The Mining Report: Goldman Sachs cut its price outlook for almost all commodities, including oil, which it said could go as low as in the high $30 per barrel ($30/bbl) range. Do you see that as realistic?
Philip Richards: I think that oil has now made a bottom. I look at Brent crude more than West Texas Intermediate. Brent bottomed at around $46/bbl and has since rallied around 30%. The reason for thinking that oil could go lower is that oil is a relatively price-inelastic commodity. That means if you have a big move in the price, you don't necessarily get a big response on the demand side. Nevertheless, demand is picking up at these lower levels. In fact, even in the U.S., which is a material market, there has been a notable uptick in the growth of oil use at these lower prices, so oil is responding a bit on the demand side.
The other question is whether supply can move dramatically in one direction or the other. Now, Iraq is beginning to pump more oil, and may add another 1–2 million barrels per day (1–2 MMb/d) within the next two years. On the other hand, the whole Middle East is becoming increasingly traumatized, by the Islamic State in particular. There is ongoing unrest across the region, such as Shi'ite Houthi militia taking over strategic sites in Yemen. That could destabilize Saudi oil provinces, which have Shi'a Muslims, who are disaffected with the Saudi regime.
Also, about 5% of oil production drops out of the equation every year simply because reserves run out. This is a commodity with production running at around 92 MMb/d, so about 5 MMb/d must be replaced every year. With the lower oil price, a lot of investment has been curtailed, and consequently, that will slow the pace of new supply coming on-line.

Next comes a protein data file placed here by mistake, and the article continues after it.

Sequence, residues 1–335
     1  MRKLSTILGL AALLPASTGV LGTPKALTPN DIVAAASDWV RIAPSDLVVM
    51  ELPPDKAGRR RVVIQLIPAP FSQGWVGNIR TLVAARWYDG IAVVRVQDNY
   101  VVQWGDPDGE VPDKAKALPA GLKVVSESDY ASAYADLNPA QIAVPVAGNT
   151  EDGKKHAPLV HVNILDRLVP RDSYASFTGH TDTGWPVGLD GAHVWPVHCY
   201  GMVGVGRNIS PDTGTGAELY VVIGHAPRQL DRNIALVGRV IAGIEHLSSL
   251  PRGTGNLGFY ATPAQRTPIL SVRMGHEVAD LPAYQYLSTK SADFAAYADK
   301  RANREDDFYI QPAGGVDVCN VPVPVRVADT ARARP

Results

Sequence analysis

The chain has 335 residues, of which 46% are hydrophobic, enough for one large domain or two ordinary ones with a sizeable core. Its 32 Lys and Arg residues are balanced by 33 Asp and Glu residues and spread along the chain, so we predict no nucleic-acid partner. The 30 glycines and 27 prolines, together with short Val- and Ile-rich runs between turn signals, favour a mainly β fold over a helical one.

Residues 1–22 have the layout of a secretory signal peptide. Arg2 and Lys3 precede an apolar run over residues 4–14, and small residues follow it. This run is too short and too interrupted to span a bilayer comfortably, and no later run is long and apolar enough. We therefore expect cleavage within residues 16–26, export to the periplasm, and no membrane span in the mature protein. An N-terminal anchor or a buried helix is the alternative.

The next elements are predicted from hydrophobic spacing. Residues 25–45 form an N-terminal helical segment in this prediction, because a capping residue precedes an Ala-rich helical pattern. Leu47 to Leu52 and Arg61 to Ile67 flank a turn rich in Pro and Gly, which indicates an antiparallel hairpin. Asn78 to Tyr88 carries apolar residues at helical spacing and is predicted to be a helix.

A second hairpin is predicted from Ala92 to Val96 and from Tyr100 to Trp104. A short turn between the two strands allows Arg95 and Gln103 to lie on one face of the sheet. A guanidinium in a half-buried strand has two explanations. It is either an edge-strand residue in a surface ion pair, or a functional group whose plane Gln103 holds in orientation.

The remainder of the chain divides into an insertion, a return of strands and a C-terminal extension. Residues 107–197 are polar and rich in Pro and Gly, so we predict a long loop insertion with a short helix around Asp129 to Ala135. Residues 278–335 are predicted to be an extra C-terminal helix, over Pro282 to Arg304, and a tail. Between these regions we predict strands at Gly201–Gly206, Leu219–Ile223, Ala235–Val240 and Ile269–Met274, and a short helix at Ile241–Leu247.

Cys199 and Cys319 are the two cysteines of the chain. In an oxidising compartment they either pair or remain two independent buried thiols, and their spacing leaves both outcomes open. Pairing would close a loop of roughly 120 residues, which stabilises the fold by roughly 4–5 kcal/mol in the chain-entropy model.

Generally speaking, my prognosis would be that we are looking at oil prices slowly increasing over time.
TMR: In this range of oil prices, what oil companies could be successful?
PR: A number of oil companies had their share prices come down quite a lot. I think you have to look at the mid caps or juniors for real bargain prices. The blue chips, the big-cap stocks, didn't come down as much.
Falkland Oil and Gas Ltd. (FOGL:AIM) has been a long-time favorite. It is just commencing a major five-well drilling program. The stock should show some upside, particularly if the oil price rises.
In the U.S., a company like Noble Energy Inc. (NBL:NYSE), which is a partner of Falkland Oil and Gas in the South Falklands Basin, is well positioned, and also has some decent production elsewhere in the world. Noble is a good example of a fairly large mid-cap stock that could do well in this range of oil prices.
If you looked into something a little bit smaller in, say, the United Kingdom, you might consider Premier Oil Plc (PMO:LSE), which has production. The share price has come off very considerably from its high. In September, the stock was at about 350 pence/share (350p/share). It's now at only 120p. So I would think that's a good example of a bargain stock.